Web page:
On the other hand, if you made it clear that sexting was off-limits, then it absolutely qualifies as cheating. By ignoring your set boundaries, your partner has disrespected you and the relationship. Whether or not something physical happened, it counts as a major betrayal of trust — and it’s not something you should sweep under the rug.
Referring back to your boundaries sounds easy enough, but what if you never thought to set them? Or you set a few but never discussed sexting? That’s where things get messy. Fortunately, there are still ways to figure out this sitch.
Was The Sexting Kept A Secret?
Let’s be real, most people haven’t drawn up a list of boundaries in their relationship — and now, it might be a little late for that. In the absence of a full-blown conversation about boundaries, consider how the sexting came to light — and whether or not your partner hid it from you (or vice versa).
If the sexting was kept a secret, or if it involved prioritizing the ~sextual~ relationship over the real one, that signals a deeper problem and a worse betrayal. People typically don’t try to hide things they don’t feel guilty about. Chances are if they were trying to keep it quiet, they knew it was something that would hurt you.
So if you don’t have a boundary rule book to go off of, a good rule of thumb is to check in with yourself and see if the sexting felt like a secret (whether it was you or your partner who was doing it). Nicole Richardson, LPC, LMFT, previously told Bustle, “My general litmus test for couples is to 'behave in my absence as you would in my presence.’”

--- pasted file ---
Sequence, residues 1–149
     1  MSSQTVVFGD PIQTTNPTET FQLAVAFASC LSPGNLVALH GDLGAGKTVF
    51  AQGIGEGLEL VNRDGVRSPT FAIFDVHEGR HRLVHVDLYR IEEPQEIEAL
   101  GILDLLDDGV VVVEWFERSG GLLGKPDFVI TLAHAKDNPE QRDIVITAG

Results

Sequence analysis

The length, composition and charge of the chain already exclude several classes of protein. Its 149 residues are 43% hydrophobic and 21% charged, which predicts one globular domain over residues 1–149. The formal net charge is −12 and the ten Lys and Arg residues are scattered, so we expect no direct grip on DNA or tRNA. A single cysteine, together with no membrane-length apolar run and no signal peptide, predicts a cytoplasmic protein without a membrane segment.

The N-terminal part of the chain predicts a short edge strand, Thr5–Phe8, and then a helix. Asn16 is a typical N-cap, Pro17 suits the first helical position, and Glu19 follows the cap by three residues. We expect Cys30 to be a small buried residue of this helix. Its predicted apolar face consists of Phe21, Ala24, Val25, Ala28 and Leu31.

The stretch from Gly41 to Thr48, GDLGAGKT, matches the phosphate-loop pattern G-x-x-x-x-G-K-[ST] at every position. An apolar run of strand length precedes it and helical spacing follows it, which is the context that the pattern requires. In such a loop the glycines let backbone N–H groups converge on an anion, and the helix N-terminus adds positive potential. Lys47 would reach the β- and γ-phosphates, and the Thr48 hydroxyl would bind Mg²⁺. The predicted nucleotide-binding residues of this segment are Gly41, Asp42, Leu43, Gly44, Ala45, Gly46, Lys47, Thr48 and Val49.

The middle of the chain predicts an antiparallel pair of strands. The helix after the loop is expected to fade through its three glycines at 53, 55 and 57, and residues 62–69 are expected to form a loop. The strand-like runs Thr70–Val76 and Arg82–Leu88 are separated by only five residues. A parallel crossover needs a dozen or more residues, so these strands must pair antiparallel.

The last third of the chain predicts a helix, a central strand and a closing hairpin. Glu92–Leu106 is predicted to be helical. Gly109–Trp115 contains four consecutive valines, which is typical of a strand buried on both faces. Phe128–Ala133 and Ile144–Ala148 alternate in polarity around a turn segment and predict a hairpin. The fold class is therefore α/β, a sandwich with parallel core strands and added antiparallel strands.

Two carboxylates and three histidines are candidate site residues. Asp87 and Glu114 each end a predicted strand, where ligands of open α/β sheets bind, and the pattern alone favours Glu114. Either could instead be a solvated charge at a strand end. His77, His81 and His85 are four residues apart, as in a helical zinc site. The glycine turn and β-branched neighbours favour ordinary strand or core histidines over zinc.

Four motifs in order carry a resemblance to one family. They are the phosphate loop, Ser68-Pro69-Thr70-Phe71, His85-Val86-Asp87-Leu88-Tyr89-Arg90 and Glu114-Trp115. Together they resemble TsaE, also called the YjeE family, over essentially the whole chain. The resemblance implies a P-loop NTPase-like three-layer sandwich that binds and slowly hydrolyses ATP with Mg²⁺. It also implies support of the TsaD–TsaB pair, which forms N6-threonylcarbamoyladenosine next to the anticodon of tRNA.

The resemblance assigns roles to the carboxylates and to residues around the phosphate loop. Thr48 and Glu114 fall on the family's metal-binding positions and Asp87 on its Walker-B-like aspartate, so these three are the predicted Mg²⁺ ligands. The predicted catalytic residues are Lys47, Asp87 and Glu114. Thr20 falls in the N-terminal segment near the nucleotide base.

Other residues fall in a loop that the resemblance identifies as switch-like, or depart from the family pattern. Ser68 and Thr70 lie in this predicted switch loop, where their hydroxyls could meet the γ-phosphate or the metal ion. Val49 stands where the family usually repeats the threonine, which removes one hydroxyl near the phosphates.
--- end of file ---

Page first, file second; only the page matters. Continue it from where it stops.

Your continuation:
If you and your SO know that sexting someone else would damage your relationship, and you (or they) still decide to do it, it may be time to reevaluate that relationship.
How Do You Move Forward?
In this situation, there’s a real possibility that one partner might be too hurt to move forward, and that’s valid. But if you do want to continue to see one another, a long and vulnerable conversation should be in your near future.
Even if you don’t define sexting as cheating, an incident like this is symptomatic of something amiss in your relationship (a lack of clear boundaries, for example). So if you want to move forward, the root of the problem needs to be addressed.
"Talk to your partner about what [they] wanted to get from the sext exchange," sex therapist Stefani Threadgill previously told Elite Daily. “In my clinical practice, I often hear what I call the three A’s — needs for admiration, attention and appreciation. We all want to feel desired.”
Once you understand where you both are coming from, you’ll have a better idea of how to move on — together or apart.
There will never be one answer to the “Is sexting cheating?” question, but that’s not necessarily a bad thing. Without a clear-cut answer, you have to decide for yourself what you will and what you will not accept from your partner. Just remember, it all comes back to trust, boundaries, and intentions.
Rabbi Shlomo Slatkin, LCPC, Certified Imago Relationship Therapist, and co-founder of The Marriage Restoration Project
Sarah Watson, licensed counselor and sex therapist
Nicole Richardson, LPC, LMFT
Stefani Threadgill, sex therapist